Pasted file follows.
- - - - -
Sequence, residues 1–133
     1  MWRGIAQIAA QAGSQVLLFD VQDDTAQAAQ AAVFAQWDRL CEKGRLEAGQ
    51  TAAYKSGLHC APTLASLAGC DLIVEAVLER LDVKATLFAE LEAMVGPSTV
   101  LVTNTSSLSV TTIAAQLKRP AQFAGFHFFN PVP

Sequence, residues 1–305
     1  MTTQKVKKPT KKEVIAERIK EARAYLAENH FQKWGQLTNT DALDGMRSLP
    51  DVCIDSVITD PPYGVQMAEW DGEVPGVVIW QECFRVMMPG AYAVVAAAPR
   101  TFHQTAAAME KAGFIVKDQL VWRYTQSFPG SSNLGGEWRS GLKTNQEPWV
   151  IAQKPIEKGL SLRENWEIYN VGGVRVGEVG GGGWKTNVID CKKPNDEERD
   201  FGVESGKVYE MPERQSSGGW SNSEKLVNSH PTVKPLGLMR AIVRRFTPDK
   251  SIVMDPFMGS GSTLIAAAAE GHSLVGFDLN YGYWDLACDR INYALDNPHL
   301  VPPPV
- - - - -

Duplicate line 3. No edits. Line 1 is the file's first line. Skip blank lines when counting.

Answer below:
    51  TAAYKSGLHC APTLASLAGC DLIVEAVLER LDVKATLFAE LEAMVGPSTV